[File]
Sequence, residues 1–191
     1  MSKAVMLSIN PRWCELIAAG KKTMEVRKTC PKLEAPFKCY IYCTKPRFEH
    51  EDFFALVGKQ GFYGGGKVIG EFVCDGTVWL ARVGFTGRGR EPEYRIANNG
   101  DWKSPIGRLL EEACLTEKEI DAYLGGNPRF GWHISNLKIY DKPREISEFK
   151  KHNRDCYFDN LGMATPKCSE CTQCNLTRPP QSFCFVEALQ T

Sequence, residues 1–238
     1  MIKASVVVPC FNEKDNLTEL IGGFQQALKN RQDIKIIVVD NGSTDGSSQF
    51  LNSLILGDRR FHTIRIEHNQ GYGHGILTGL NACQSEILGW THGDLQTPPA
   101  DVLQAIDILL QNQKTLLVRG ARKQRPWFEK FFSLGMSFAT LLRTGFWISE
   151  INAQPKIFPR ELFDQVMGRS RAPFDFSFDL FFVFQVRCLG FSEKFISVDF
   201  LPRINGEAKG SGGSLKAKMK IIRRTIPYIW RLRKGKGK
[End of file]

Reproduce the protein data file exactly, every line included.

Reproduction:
Sequence, residues 1–191
     1  MSKAVMLSIN PRWCELIAAG KKTMEVRKTC PKLEAPFKCY IYCTKPRFEH
    51  EDFFALVGKQ GFYGGGKVIG EFVCDGTVWL ARVGFTGRGR EPEYRIANNG
   101  DWKSPIGRLL EEACLTEKEI DAYLGGNPRF GWHISNLKIY DKPREISEFK
   151  KHNRDCYFDN LGMATPKCSE CTQCNLTRPP QSFCFVEALQ T

Sequence, residues 1–238
     1  MIKASVVVPC FNEKDNLTEL IGGFQQALKN RQDIKIIVVD NGSTDGSSQF
    51  LNSLILGDRR FHTIRIEHNQ GYGHGILTGL NACQSEILGW THGDLQTPPA
   101  DVLQAIDILL QNQKTLLVRG ARKQRPWFEK FFSLGMSFAT LLRTGFWISE
   151  INAQPKIFPR ELFDQVMGRS RAPFDFSFDL FFVFQVRCLG FSEKFISVDF
   201  LPRINGEAKG SGGSLKAKMK IIRRTIPYIW RLRKGKGK